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Hanuman,

Eyes of the green-rolling ocean waves,

Eyes of the beauty of peace, blue

Essence of being,

Your world is true.

Then, we knew you before,

And remember you from when this earth began.

You ride on the wind,

Through the star-

Bending branches of destiny.

Your heart braves

The upheavals of all that should not be.

You – the soul of all being.

You are the iron-gray rocks of eternity,

You sing in the sky;

You shine, effervescent, In the sun.

You walk in the moon-winged, far-raining

Night of gossamer petals.

You fly,

On bright sandals,

Hanuman, son of the wind,

Soul of eternity,

Near the hawk, sharp-shinned,

Hovering to scan

The long, winding shore.

Where

Would you go, Hanuman?

There, in the great-souled trees of all-being,

Among the startling leaves – green in the spring.

Always, you are there.

Never far,

Always there,

Hanuman,

Son of the wind.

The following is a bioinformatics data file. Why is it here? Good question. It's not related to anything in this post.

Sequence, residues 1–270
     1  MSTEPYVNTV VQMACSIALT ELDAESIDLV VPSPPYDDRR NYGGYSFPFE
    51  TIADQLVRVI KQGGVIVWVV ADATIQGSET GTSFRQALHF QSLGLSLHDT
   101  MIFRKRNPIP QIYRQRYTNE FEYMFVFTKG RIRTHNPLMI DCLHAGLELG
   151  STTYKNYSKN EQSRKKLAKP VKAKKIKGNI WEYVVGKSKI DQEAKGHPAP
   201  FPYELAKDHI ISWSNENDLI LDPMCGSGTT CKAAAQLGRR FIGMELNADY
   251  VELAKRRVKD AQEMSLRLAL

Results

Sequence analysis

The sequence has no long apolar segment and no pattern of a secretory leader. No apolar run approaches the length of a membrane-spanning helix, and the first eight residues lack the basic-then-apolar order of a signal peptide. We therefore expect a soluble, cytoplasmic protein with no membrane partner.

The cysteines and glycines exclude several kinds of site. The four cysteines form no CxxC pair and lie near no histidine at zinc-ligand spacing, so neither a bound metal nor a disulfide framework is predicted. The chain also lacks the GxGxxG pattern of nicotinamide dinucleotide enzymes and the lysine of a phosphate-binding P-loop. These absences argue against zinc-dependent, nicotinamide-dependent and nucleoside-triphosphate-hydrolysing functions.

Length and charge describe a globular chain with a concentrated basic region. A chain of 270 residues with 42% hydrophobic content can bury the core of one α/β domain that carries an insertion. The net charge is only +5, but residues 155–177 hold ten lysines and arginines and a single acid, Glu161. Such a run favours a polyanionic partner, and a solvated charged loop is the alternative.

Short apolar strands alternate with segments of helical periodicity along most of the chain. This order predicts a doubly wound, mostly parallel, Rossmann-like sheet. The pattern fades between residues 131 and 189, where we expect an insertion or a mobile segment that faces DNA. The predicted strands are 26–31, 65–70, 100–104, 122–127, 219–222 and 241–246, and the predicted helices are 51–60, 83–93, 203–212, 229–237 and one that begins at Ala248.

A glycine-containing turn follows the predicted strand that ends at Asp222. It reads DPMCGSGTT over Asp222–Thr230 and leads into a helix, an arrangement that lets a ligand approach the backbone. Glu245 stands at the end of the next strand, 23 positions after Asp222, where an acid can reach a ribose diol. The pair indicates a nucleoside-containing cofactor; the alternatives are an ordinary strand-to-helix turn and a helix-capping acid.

Always there.

In the sharp wind that runs by the circling sea.

© Sharon St Joan, June 2021

Hanuman, son the wind

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Hanuman,

Son of the wind,

Forest-eyed,

Sent to free

Entangled innocence from rusted snares,

From the bitter clawhold of Ravana,

To guide the gold-winged butterfly,

The shy, dawn-eyed doe,

The nagalinga tree

Of skylit flower,

The brave host of bears

On the oak-hallowed hill,

The bright-songed messengers, in flight,

The belled, meandering cow,

The redwoods of ancient girth,

The moon-

Finned

Minnows

Of silver gill,

Out from the chasms of desolation

Of a world gone awry

Back to the far, far

Reaches of the beginning – before ever time arose

Back to the shining lake of the mountain height

Hidden unseen in the green land of the star

Where mists of joy run

Like horses on the white river, wide,

Where the spring cactus unfolds gold and red.

A day to bring the innocent out, away

In the boat of the canted bow